And thank you for your attention. Please now join EMPA-KIDNEY statistician Natalie Staplin and I as we present findings from a meta-analysis combining data from EMPA-KIDNEY with all the other large placebo-controlled SGLT2-inhibitor trials.


Dr Herrington: Hello again. I'm Will Herrington and it's my pleasure to introduce you to my colleague Natalie Staplin, the EMPA-KIDNEY lead statistician. Together we will put the results of EMPA kidney in the context of the other large trials with a special focus on a recent meta-analysis. So, Natalie, tell us about the aims of your meta-analysis.

Natalie Staplin, PhD: The primary aim was to conduct a meta-analysis to compare effects on kidney outcomes in patients with and without diabetes. We used a common definition for kidney disease progression across all the trials, which required re-analysis of data from many of the trials, and this was provided by the Smart C collaboration. Our subsidiary aims were to assess effect modification by primary kidney diagnosis in the CKD trials and to compare the absolute benefits and harms in patients with and without diabetes.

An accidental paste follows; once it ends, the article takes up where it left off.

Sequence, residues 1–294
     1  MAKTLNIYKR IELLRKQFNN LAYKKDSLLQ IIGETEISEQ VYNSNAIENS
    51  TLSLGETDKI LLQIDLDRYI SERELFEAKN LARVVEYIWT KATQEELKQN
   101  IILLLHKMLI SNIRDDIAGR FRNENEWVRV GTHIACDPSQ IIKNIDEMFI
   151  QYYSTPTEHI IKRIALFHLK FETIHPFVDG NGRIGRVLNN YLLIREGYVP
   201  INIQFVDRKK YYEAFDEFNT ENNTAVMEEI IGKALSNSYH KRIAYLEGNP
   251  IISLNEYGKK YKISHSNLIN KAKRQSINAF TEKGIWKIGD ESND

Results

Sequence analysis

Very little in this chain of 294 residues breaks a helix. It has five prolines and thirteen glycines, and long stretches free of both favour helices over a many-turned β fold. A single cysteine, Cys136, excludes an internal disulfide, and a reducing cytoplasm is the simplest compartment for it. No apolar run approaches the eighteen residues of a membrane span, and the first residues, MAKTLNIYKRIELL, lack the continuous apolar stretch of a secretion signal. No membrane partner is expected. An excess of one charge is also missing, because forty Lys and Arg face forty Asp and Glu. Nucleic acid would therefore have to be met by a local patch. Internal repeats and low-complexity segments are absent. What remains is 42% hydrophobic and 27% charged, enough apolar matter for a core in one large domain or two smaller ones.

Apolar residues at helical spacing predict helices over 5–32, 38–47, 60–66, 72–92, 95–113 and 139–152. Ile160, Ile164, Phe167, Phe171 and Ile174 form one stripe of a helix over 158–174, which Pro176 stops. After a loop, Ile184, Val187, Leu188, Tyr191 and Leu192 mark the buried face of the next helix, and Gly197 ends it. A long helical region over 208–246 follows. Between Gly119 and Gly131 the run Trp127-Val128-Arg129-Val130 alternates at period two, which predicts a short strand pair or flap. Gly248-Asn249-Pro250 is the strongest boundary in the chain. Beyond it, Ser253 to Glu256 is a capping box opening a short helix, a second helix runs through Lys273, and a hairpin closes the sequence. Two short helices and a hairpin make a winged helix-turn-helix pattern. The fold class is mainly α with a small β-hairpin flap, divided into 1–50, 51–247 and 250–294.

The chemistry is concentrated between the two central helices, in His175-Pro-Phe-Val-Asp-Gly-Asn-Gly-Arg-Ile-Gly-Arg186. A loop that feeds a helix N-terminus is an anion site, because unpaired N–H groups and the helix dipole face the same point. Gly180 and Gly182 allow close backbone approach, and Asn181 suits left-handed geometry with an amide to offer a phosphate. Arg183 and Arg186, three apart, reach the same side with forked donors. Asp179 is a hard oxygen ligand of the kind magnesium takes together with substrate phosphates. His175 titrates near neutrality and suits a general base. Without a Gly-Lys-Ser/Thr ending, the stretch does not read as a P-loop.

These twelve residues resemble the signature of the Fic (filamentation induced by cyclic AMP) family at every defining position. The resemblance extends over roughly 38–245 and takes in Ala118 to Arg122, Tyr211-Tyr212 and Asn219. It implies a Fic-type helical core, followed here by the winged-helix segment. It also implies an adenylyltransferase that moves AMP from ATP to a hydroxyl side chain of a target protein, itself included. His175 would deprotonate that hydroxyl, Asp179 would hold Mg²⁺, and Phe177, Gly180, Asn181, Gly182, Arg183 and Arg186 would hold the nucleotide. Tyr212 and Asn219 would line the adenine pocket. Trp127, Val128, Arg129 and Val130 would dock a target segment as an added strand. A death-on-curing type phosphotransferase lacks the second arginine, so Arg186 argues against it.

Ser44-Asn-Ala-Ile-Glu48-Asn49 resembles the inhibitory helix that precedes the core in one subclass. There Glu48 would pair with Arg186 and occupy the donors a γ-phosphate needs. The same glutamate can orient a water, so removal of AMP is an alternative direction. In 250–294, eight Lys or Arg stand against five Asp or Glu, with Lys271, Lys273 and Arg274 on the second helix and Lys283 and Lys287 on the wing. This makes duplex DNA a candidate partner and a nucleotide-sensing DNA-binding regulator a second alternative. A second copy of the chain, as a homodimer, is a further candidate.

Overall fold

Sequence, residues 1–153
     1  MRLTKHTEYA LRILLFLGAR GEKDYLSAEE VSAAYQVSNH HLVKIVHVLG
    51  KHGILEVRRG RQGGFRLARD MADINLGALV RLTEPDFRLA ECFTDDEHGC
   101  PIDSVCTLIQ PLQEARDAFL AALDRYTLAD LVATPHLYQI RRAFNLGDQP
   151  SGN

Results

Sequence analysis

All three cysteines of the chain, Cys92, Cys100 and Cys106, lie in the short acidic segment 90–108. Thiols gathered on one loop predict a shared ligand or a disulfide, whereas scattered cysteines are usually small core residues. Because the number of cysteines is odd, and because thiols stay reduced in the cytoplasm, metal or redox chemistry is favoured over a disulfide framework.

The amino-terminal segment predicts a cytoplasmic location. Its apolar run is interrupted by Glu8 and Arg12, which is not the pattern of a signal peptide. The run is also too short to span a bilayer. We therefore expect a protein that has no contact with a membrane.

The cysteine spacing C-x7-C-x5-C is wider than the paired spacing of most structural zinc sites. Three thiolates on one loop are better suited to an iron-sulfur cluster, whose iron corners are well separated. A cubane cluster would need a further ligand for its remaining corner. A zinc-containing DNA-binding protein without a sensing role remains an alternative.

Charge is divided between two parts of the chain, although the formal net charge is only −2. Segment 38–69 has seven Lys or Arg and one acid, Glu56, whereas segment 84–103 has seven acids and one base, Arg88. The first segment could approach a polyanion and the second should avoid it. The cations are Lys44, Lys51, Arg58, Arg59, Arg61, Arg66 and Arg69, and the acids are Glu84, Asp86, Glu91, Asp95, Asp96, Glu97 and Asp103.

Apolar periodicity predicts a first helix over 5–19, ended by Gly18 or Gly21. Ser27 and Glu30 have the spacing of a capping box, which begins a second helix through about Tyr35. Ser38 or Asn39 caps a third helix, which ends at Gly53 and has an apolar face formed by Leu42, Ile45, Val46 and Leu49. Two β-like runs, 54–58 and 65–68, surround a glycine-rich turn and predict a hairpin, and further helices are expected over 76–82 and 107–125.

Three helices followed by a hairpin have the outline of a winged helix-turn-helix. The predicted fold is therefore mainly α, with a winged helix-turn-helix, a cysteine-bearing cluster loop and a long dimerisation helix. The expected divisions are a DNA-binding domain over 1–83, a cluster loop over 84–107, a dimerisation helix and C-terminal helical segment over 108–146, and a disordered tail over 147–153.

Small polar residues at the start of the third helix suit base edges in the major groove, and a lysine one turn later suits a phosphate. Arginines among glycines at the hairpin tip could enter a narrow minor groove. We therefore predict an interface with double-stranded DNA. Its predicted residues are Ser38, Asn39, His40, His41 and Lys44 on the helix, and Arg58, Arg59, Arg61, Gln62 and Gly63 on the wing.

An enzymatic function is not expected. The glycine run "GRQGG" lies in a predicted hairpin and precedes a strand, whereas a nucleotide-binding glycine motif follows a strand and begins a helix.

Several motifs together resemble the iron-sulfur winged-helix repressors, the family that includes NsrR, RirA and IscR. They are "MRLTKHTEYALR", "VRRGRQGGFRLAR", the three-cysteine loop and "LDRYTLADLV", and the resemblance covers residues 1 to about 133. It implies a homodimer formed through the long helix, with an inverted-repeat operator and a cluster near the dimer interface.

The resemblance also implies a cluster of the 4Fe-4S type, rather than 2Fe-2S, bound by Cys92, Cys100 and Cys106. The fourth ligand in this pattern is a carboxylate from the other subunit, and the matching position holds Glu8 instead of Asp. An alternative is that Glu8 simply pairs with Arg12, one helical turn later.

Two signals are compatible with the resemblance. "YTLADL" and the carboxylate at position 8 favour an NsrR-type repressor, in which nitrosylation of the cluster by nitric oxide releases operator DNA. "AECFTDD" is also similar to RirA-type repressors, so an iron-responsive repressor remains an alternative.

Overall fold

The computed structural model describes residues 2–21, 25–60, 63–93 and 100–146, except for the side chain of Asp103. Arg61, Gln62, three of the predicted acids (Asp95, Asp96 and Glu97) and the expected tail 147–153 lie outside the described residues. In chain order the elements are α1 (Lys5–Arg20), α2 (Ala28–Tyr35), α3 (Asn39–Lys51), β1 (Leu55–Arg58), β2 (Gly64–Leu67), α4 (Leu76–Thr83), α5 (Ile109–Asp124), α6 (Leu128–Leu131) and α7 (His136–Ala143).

For the kidney disease progression outcome, we used a composite including a sustained of at least 50% decline in eGFR as this is slightly more specific for progression to kidney failure than a greater than or equal to 40% decline in eGFR in the context of acute dips. Acute kidney injury was defined using a specific Medical Dictionary for Regulatory Activities (MEDRA) preferred term.